Vienna Man Opens School in Tanzania

Picture this: Students clad in burgundy and white uniforms, singing and dancing, swaying to music. They look joyous and proud.

Sounds like a normal occurence, but for these students in east Africa, the opening of their new school this past spring was a rare opportunity for them to obtain an education.

Two years ago this school was only a vision of former Peace Corps volunteer Charlie Sloan (above left).

Now the secondary school is a reality for 90 students in Tanzania. It was made possible through the generosity of Northern Virginia benefactors and the efforts of Sloan.

Sloan, who grew up in St. Mark Parish in Vienna, where his parents, Daphne and Chuck, are longtime members, is back visiting his family for a few weeks.

He received a degree in mechanical engineering from Virginia Tech in Blacksburg. His cousin encouraged him to serve in the Peace Corps, and in the fall of 1992, Sloan enlisted and was posted to Karatu, Tanzania, where he taught physics and math in a government school for two years.

One of the exceptional students was Frank Manase. Sloan taught him chess, card games and pool, and the Manase family welcomed Sloan.

After his Peace Corps service, Sloan returned to America for several months and then decided to return to Tanzania to teach in 1996. He began working at the Marian Girls Secondary School in Bagamoyo, operated by the town’s Roman Catholic mission.

While teaching, Sloan developed some ideas for improved education. He envisioned a school with smaller class sizes, no corporal punishment, stronger arts and sports programs, food available during the day for students, and increased secondary school education for local students.

Two years ago, after many struggles, Sloan created the basis for Nianjema School. He formed a non-profit organization with three other trustees: Manase, now a third-year medical student in the capital city; his brother Daniel Manase, an architect and contractor; and Gideon Kiyenze, a government official.

The group purchased a 15-acre tract of land, previously set aside for a school by town officials. They paid extra for the valuable coconut and mango trees there, the fruit of which is now part of students’ lunches.

Daniel Manase and Sloan started constructing the school by hand in December 1999, with no electricity on site. Assisted by local hired help, the building blocks were composed of the property’s sand and water mixed with some concrete. Each of the classroom desks and chairs were hand-hewn.

A little over a year later, in January 2001, the school opened with an equal number of girls and boys, all in the first term (approximately equal to seventh-grade).

The four forms at Nianjema School are roughly equivalent to grades seven through 10. Courses are taught in English.

The school consists of several buildings, designed for cool ventilation, with an open quadrangle in its center. There is a four-classroom building, the library, two-room laboratory, administration, assembly/dining hall and two bathrooms with showers. When school is not in session, the site is used for other community activities.

The school day starts at 6:30 a.m. and ends at 6 p.m. Students are taught 11 subjects: physics, biology, chemistry, civics, mathematics, accounting, Swahili, English, history, geography and religion.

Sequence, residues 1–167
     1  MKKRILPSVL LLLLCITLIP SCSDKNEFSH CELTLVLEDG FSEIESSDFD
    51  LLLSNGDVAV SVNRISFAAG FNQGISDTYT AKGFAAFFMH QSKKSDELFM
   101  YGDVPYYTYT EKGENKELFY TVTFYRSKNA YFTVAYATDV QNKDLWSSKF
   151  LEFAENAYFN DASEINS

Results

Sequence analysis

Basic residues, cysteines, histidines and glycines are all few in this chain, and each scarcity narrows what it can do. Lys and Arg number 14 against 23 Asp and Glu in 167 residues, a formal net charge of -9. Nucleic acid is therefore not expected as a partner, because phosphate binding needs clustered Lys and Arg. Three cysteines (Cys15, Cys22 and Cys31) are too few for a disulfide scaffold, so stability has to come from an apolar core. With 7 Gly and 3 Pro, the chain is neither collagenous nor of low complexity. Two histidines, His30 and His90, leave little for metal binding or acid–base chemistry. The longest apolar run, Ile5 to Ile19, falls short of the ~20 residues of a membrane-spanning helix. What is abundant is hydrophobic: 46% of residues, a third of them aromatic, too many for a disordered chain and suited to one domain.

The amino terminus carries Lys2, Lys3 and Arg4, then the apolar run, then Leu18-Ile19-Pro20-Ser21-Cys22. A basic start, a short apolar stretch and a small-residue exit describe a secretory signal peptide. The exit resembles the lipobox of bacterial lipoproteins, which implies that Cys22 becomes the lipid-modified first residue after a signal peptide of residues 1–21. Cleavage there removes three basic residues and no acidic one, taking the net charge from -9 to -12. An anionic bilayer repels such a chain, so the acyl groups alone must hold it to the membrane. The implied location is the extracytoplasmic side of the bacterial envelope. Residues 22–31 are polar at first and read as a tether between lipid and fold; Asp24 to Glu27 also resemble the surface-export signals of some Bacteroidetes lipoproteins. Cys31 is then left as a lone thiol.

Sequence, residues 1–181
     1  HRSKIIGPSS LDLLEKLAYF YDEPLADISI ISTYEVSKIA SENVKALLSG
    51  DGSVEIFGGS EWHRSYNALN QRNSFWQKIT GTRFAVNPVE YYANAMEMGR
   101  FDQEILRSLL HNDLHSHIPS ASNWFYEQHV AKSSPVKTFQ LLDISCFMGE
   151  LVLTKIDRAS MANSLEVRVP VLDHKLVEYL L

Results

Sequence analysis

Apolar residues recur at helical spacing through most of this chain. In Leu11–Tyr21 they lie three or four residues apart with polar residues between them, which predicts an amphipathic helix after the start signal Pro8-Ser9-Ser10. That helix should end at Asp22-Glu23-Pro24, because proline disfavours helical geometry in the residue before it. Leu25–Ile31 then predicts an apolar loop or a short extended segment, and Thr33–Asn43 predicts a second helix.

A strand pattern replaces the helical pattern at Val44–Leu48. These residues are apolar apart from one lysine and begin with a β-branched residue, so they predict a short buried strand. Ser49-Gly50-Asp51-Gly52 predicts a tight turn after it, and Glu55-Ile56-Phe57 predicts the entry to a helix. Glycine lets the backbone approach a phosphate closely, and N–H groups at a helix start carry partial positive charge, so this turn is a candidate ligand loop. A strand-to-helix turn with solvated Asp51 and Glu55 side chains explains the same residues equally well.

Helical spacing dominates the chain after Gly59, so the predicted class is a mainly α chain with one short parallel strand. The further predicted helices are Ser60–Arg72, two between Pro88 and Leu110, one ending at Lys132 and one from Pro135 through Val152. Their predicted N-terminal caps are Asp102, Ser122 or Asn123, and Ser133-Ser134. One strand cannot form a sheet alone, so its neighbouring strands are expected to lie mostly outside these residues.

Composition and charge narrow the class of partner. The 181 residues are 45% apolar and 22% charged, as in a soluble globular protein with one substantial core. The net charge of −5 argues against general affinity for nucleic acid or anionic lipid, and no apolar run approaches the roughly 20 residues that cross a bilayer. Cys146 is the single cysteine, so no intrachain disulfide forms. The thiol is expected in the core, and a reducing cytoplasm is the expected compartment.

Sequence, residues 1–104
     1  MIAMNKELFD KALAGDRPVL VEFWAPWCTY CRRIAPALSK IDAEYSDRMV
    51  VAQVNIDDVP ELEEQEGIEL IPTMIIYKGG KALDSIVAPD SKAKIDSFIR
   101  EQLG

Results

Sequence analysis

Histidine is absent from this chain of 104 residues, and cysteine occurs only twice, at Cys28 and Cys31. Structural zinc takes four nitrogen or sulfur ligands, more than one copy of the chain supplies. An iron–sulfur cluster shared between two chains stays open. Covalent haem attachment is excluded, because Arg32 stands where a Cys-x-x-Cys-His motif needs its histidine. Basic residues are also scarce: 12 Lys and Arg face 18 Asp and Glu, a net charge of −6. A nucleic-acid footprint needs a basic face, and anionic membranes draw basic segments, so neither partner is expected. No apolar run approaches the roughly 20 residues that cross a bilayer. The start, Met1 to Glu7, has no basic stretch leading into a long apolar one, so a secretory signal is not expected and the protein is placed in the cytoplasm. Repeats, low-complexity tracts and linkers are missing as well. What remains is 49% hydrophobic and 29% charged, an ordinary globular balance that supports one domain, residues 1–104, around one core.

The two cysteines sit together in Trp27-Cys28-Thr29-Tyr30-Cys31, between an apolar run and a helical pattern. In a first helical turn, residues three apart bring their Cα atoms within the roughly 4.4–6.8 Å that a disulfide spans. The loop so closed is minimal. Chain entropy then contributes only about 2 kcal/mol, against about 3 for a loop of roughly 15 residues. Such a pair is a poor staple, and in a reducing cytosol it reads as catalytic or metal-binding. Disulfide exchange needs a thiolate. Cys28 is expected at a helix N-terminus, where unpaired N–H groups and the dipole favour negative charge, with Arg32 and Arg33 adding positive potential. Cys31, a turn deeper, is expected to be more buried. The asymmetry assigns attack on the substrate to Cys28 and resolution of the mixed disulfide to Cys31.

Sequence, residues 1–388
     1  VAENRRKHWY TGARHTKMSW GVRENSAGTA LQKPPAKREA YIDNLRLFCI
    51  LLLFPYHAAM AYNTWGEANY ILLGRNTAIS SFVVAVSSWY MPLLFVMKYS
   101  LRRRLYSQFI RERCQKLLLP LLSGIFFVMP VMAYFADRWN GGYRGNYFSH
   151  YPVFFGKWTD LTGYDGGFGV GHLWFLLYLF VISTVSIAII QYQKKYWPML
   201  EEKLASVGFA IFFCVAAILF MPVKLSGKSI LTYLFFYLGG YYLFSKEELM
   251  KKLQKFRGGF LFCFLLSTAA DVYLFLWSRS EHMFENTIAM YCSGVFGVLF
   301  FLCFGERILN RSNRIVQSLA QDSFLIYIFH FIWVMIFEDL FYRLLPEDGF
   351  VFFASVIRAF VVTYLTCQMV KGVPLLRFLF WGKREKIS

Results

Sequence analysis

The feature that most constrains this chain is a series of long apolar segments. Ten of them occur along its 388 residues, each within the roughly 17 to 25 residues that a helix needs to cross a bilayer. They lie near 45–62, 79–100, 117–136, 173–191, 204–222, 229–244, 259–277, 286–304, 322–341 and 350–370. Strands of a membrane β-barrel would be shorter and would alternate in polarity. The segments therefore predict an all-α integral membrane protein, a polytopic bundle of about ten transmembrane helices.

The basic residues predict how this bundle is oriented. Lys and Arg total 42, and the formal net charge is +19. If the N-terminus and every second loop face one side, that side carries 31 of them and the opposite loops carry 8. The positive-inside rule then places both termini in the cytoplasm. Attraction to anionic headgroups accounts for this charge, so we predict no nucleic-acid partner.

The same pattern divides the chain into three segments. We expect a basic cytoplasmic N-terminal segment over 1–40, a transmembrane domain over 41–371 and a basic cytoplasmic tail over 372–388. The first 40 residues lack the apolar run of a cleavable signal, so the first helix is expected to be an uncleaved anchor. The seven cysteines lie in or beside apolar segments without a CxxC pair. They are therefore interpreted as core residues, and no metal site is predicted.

The weekly 90-minute religion class is led by local Catholic, Islamic and Protestant church leaders. Sloan has invited a Holy Ghost Father Valentine Bayo from his parish, the Catholic Mission of Bagamoyo, to come to the school for the Catholic students. The mission is about a half-mile away.

More classrooms need to be constructed for next year’s 60 additional students. It is planned that the student population will increase annually until the school reaches its capacity of 240. A dreamed-of computer lab to accommodate the desired hardware and software must also be built.

Sloan told the HERALD in a recent interview that he likes living there.

"I experience different cultures, languages, people, new things," he said, adding that he has learned to speak Swahili. He said there is a tremendous need for qualified teachers there. Although his primary desire is to continue teaching physics at the school, Sloan has many other responsibilities as a manager helping run Nianjema. Some of his activities include buying and delivering food in bulk for the students’ simple daytime meals, coordinating on-going construction and obtaining governmental approvals. Sloan encourages parents to become more involved in their children’s schooling. Most parents are proprietors of small shops in the town, Bagamoyo, which has a population of 36,000.

The area has a rich history. Located on the Indian Ocean, Bagamoyo was the first capital of Tanzania and a large slave exporting port. In 1867, German priests of the Holy Ghost order founded a mission there to bring Christianity to freed slaves, some of whom the clergy had purchased at the trade market.

Sloan said it is extremely difficult to get funding from the government for a private school. During his few weeks stateside, a reception was hosted by his family at Marco Polo Restaurant in Vienna to request additional benefactors for the school’s future. Most of the school’s financial support is supplied by more than 100 donors, most of whom live in this area. Tax-deductible contributions to Nianjema Secondary School may be made to the non-profit Tanzania Education Fund, Inc., 107 Pleasant St., N.W., Vienna, Va. 22180. For information call Chuck or Daphne Sloan at 703/938-9668.

Copyright ?2001 Arlington Catholic Herald.  All rights reserved.

© Arlington Catholic Herald 2001